The US Food and Drug Administration (FDA) has approved Medtronic’s Intellis rechargeable neurostimulator and Vanta recharge-free neurostimulator to treat chronic pain related to diabetic peripheral neuropathy (DPN).

DPN is a neurological disorder that impacts around 30% of people with diabetes.

The approval offers DPN patients access to Medtronic’s spinal cord stimulation (SCS) portfolio of both rechargeable and recharge-free platforms.

These platforms include multiple programming options for customising patient treatment, unrestricted MRI access and the Medtronic TYRX neuro absorbable antibacterial envelope.

The company stated that the TYRX antibacterial envelope has been shown to stabilise the placement of the device while reducing more than 60% of infections.

It also noted that clinicians may advise patients to use CareGuidePro, a virtual guide for patients using SCS offerings.

Medtronic Neuroscience Portfolio neuromodulation business pain therapies vice-president and general manager Charlie Covert said: “DPN is a significant challenge for patients with diabetes, leading to disability and a diminished quality of life.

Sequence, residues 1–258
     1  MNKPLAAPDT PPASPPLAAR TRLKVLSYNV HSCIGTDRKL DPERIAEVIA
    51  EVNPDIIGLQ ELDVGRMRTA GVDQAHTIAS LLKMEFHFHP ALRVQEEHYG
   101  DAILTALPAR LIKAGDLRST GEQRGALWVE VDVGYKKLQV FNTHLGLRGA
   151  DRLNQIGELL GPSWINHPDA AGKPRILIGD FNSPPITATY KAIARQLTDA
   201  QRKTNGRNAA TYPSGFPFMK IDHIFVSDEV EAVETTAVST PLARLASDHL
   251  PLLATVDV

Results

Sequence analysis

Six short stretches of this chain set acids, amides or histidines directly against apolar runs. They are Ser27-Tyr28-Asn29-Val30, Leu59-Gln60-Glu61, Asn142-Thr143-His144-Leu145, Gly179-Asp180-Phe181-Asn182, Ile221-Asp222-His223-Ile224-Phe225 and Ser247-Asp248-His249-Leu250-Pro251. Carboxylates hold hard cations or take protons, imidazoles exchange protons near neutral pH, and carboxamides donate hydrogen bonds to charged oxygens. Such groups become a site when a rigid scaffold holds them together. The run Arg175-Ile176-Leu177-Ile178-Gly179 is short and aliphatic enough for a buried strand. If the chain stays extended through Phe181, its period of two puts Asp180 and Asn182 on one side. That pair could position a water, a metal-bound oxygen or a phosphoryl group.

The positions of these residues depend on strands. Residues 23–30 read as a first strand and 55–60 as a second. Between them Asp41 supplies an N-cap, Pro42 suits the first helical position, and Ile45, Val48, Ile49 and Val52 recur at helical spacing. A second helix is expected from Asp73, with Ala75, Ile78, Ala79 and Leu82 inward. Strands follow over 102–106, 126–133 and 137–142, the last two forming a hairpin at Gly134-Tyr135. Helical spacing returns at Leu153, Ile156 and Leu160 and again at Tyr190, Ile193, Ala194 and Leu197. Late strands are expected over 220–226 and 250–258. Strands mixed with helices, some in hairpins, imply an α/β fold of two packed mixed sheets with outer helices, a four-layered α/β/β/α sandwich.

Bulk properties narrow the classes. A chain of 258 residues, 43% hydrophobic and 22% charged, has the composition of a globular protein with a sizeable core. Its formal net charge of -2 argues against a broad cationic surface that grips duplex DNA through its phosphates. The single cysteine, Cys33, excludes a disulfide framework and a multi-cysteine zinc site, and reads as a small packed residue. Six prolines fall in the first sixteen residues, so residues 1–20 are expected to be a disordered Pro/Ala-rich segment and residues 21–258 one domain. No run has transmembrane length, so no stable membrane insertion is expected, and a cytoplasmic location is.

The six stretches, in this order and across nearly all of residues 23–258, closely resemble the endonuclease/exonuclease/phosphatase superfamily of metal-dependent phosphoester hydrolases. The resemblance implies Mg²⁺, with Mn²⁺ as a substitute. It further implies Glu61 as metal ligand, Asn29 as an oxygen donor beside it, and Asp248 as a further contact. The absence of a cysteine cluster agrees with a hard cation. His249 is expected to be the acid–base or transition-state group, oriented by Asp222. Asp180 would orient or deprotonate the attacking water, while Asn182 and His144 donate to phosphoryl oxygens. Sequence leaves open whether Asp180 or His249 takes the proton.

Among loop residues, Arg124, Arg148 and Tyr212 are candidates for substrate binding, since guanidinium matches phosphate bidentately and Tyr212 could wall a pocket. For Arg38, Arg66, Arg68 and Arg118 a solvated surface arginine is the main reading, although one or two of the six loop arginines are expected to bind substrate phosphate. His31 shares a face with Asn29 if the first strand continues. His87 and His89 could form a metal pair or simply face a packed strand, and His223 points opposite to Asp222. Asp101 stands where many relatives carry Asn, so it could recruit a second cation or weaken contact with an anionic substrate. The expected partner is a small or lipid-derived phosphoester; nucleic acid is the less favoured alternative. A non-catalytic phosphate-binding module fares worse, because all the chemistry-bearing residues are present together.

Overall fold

“This new indication enables us to apply Medtronic’s more than 40 years of proven SCS experience, as well as the company’s deep diabetes expertise, to deliver better care to even greater numbers of diabetes patients.”

According to the company’s estimates, up to 800,000 patients in the US suffer from moderate to severe DPN symptoms that do not get resolved through conventional medical management approaches, such as drugs. 

It considers such patients as potential candidates for SCS, which in turn represents an annual market opportunity of around $1.8bn.

The firm estimates that the market revenue for SCS treatment of chronic pain related to DPN is around $70m in the US. This figure is expected to increase to $300m by 2026.

Recently, Medtronic agreed to acquire medical technology company Affera in a deal valued at $925m.